Initial Teacher Training - Trainers Pack and Programme


Addressing Assessment in Art and Design

The challenge is considerable for the teacher trainer in addressing even the basic issues of assessment in art and design in what could be as little as one hour in a 10 hour course. The trainees will be from various disciplines and may use assessment models from that discipline, which may have generated misconceptions about assessment in art and design. They may believe that there must be a right and wrong answer or alternatively, that it not even possible, sometimes citing examples from the more obscure forms of contemporary art to support their case.

Asking them initially to reflect upon assessment procedures that they are familiar with in their main subject will be helpful because, whatever the discipline, there will be some absolute assessments that can be made yet others require judgments against criteria as in art and design. A useful common reference for trainees is the teaching of English, where some assessments such as those of punctuation and spelling will be absolute but others, such as in making judgments about creative writing, will involve formulating agreed criteria.

The aim of these deliberations is to assist trainees in recognising that although there are some aspects and Art and Design that could fall in this absolute category this is not generally the case, yet the alternative is not a 'free for all' anarchic approach, where nothing can be done to assist pupils to improve.

The trainees must recognise that it is essential to build the assessment criteria when planning the set task. Initially they can be given examples of a range of activities in art and design and asked to reflect on the learning implications and as a corollary the assessment criteria. This task can then be developed further by setting a practical, even if somewhat unrealistic, exercise in which judgments about a series of observational drawings are made. The collection should ideally initially involve a task set by a primary teacher in which each pupil has drawn the same object using one common medium. If this exercise can be contrasted with one where trainees are asked to make judgments about a more open ended non-objective pupil task, the added complexities in making judgments about creativity will be revealed. After these comparative exercises it should be possible to generate a debate on the impact of assessment on the content of the dominant mode of activity, by asking trainees to reflect upon their own experiences in school, where it will become apparent that in many cases the need to assess is driving the curriculum.

The effective use of National Curriculum levels must be addressed. The article by Dan China on 'The uses and abuses of levels' in the NSEAD newsletter 'AND 25' may be helpful in this context. Trainees may also see assessment in art and design primarily from a summative perspective, so the importance of making judgments about a set of work rather than individual pieces should be highlighted.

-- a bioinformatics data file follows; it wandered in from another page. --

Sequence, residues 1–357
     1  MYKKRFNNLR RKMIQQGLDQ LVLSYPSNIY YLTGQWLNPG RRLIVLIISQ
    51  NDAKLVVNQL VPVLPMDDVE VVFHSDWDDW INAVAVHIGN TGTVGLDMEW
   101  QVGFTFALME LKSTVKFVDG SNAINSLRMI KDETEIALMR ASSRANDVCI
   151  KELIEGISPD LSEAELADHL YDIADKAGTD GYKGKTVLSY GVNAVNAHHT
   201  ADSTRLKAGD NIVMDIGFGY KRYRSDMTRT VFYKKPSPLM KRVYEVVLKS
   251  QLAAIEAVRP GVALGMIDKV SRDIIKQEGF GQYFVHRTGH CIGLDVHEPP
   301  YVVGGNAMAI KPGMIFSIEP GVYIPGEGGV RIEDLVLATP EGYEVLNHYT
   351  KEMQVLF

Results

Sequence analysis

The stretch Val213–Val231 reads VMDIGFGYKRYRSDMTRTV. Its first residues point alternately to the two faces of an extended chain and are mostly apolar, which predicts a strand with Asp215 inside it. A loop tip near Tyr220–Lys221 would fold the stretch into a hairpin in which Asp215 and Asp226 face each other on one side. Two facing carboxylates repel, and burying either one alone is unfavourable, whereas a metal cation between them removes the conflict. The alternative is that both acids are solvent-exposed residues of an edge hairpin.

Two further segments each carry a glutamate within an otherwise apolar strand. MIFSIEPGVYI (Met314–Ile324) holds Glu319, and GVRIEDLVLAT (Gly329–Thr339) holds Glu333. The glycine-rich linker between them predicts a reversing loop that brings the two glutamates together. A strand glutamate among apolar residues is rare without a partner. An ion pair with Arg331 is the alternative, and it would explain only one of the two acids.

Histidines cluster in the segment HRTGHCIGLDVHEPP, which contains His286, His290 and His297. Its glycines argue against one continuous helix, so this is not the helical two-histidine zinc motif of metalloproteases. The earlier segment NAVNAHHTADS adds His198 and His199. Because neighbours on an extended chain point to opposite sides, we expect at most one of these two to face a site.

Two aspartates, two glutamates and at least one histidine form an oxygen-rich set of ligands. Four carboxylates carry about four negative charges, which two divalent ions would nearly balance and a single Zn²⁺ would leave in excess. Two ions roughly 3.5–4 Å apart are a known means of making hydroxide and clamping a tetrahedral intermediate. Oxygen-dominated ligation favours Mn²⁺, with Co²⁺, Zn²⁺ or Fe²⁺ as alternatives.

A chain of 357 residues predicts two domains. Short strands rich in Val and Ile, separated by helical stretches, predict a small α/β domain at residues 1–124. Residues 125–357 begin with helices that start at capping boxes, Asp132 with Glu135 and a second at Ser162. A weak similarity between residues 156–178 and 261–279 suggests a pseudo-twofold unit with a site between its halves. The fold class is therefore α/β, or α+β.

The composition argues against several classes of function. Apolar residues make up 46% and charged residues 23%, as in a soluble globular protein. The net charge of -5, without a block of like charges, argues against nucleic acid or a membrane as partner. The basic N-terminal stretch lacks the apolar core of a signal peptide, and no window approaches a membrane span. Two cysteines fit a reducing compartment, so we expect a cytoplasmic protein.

Many schools now keep folders of work which illustrate achievement against particular levels and it may be possible to acquire some of these to use as exemplars. When faced with such a set of work trainees will gain understanding about sensitive and individualised assessment procedures by being asked to formulate some questions they would ask the pupil about a set of work, and the comments and judgments they would make to assist in them moving forward.

It is also obviously essential that trainees are advised to approach the subject leader in whatever school they are placed and ask for the school's assessment policy, to seek advice about how they can most effectively implement school procedures. Trainees can also be asked to reflect on the assessment procedures that they have observed taking place in primary schools they have visited and make some tactful evaluations of their effectiveness, and ways in which they might be developed as a focus for discussion. In some cases the absence of any clear systems in some schools may be revealing.

Subsequent practical work with trainees that is undertaken on the curriculum course will further serve to illustrate assessment issues. The use of sensitive and positive peer assessment procedures can be directly demonstrated by asking trainees to assess their own and others work, and set personal and peer targets for improvement. The basic chapter on assessment in primary school in The Art and Design Subject Leader's Handbook as a supplementary reading task for trainees may prove helpful in consolidating the work done in course sessions. (See chapter 7 page 2 8- the book is illustrated on the NSEAD website with a summary of the chapter on assessment)

In addition the The Primary Art and Design Subject Leaders' Handbook provides valuable information to help successfully establish and develop the subject in schools. It is a must for every primary coordinator and useful for teacher trainers in addressing the issues with their trainees.